- Pension payment thresholds used to determine pension related payments are indexed each year on 1 July.
- Inflationary pressures have led to larger than usual increases in payment thresholds.
- As thresholds increase, some retirees may now become eligible for a pension payment and all pensioners will become eligible for slightly higher payments.
Means tested government payments have rules, which the government uses to determine whether you are eligible and how much you get.
From 1 July 2022, around one million pensioners will benefit from annual increases in the areas, limits, and deeming thresholds that are free from means testing.
This means there will be an increase to the amount of income or assets an Age Pension, Disability Support Pension, or Carer Payment recipient can earn or own before their payment is affected.
Under the revised income test, you will now be able to earn up to $190 per fortnight (instead of $180) from any income source without it affecting your pension payment (not counting the Work Bonus of $300 per fortnight for employment income).
The threshold at which your pension stops under the income test will increase to $2,165.20 per fortnight ($56,295.20 per year) for a single pensioner on 1 July 2022. The income test threshold for couples will also increase to $3,313.60 per fortnight ($86,153.60 per year)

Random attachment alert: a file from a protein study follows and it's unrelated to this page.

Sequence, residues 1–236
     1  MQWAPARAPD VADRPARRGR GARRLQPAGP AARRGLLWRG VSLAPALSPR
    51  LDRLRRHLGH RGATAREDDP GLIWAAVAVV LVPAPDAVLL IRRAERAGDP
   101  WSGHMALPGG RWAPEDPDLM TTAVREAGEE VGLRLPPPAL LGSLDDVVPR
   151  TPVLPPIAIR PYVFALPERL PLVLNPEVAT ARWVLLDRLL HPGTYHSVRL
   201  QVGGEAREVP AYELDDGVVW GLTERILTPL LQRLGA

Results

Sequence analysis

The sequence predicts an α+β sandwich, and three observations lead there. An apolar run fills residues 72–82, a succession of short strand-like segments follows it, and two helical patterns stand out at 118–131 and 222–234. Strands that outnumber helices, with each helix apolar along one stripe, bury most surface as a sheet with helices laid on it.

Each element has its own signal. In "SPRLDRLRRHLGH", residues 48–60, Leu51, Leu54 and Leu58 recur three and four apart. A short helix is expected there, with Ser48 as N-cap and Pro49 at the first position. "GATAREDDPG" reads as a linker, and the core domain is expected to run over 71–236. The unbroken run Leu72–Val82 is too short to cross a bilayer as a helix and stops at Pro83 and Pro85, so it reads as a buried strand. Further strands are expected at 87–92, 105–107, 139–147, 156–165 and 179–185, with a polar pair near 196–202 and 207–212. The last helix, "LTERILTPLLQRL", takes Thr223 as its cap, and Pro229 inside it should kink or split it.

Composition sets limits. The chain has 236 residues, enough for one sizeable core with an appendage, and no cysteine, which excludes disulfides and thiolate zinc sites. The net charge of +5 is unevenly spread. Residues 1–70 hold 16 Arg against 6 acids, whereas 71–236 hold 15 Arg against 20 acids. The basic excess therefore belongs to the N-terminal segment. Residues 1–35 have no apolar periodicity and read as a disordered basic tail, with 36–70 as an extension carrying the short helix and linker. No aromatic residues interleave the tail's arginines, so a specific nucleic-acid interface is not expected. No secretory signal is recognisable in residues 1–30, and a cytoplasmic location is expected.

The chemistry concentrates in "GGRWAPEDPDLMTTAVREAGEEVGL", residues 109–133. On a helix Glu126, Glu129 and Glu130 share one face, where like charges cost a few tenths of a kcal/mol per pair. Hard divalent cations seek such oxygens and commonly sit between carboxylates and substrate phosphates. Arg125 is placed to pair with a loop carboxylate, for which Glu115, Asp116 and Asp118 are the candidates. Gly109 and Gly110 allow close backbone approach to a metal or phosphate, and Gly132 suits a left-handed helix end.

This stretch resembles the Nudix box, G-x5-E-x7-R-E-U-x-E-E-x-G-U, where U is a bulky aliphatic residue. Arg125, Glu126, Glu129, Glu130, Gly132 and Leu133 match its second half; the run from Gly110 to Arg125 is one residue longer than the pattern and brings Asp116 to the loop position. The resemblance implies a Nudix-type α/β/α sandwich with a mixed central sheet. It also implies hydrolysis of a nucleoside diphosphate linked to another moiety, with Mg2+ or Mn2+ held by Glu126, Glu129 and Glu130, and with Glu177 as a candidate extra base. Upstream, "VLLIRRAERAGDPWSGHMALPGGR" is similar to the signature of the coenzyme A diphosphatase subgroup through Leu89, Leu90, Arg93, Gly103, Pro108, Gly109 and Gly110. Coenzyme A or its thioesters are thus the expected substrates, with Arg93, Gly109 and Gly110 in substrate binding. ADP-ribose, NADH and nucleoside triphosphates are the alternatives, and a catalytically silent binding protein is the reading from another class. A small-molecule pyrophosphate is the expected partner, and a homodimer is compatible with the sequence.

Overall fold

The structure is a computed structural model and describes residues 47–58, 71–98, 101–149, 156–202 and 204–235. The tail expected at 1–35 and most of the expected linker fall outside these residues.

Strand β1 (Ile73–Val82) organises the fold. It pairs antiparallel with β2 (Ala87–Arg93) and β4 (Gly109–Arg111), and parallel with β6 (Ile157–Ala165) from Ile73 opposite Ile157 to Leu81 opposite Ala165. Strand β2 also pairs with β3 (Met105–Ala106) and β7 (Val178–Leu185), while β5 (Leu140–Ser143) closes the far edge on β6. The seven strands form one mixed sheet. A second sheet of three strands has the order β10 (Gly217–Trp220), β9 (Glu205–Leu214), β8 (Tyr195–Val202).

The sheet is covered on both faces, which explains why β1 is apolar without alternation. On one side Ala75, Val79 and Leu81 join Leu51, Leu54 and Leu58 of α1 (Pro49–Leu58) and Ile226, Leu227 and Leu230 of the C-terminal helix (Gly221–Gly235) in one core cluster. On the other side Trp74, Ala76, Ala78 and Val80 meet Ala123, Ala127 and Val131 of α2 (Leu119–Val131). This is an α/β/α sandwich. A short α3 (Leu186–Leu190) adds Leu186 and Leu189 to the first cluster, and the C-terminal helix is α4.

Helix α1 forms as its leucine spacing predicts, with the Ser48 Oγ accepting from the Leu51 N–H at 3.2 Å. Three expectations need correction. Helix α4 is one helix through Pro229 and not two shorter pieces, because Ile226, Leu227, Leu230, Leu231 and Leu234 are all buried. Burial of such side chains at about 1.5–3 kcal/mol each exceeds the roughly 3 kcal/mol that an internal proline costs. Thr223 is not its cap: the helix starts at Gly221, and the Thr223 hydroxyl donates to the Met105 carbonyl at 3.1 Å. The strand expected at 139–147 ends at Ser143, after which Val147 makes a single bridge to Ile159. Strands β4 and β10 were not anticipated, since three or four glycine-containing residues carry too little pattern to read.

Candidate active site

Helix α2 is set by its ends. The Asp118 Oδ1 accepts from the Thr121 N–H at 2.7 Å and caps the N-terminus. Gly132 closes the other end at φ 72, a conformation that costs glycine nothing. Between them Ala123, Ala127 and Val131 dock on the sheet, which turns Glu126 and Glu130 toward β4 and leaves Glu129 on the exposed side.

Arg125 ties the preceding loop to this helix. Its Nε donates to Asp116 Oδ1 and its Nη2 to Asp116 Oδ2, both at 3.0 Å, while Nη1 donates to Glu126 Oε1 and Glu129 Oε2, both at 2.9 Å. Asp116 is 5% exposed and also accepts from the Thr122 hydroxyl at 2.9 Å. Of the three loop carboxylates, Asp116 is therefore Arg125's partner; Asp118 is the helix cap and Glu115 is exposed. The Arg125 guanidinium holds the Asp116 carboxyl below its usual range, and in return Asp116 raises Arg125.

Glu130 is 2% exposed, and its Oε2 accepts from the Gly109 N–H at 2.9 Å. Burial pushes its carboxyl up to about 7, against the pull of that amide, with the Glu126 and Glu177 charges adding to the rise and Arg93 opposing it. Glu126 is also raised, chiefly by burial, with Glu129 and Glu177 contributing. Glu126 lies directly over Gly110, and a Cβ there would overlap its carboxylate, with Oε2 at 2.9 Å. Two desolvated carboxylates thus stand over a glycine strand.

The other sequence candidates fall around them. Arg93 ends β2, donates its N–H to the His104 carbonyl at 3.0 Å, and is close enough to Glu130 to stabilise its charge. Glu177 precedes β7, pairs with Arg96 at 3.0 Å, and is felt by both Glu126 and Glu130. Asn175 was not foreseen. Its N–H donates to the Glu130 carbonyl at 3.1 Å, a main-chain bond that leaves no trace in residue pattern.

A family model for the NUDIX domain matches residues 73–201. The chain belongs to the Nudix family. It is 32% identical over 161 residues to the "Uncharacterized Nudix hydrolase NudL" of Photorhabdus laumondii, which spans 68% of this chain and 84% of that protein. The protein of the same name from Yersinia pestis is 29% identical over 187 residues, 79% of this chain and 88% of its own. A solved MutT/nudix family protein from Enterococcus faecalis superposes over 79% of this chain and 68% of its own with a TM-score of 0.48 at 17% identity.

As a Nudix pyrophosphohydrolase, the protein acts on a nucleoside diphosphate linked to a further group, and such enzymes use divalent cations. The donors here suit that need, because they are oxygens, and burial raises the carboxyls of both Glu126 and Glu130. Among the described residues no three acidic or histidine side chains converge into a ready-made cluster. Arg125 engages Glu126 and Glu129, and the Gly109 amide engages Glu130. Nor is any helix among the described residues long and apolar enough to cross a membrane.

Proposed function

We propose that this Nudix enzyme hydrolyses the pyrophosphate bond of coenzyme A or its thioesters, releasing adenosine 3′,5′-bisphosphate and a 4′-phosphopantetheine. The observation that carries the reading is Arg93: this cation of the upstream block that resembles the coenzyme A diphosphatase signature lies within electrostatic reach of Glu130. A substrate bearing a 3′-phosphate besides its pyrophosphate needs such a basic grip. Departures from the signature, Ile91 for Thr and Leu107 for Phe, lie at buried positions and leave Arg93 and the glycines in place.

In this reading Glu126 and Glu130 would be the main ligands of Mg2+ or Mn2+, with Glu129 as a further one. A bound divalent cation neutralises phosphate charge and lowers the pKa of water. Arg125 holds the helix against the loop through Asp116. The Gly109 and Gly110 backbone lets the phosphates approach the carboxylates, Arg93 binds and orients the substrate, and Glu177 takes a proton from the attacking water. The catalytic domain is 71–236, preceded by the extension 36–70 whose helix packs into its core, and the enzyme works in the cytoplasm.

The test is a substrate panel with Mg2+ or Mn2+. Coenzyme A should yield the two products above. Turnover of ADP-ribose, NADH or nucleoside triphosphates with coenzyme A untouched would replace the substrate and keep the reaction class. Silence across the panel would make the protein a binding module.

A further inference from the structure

The assets test threshold used to determine when you lose the pension has increased by:
- $9,500 for a single homeowner
- $14,000 for a homeowning couple
- $17,500 for a single non-homeowner
- $22,000 for a non-homeowning couple.
Asset limit for maximum pension payment
Asset limit resulting in no pension payment
New asset test thresholds from 1 July 2022
Deeming rate thresholds used to determine your deemed income from your assets have also increased. Assets up to the threshold attract the lower deeming rate of 0.25% and any above the threshold are deemed to earn a higher 2.25%. From 1 July 2022, the deeming threshold for a single pensioner will be $56,400 (up from $53,600) and for couples the threshold will be $93,600 (up from $89,000).
While these changes are incremental, they will result in real increases in pension payments. This is especially important given the ongoing rise in living costs.
Some retirees previously on the cusp of receiving a pension but not eligible, may now find they are eligible because of the threshold increases, especially if the value of their assets has declined during the recent falls in the stock market.
It’s therefore important to check with Centrelink if your circumstances have changed to see if you are eligible for a pension payment and other concessions.
More details on the new payment rates and thresholds are available on the Department of Social Services website.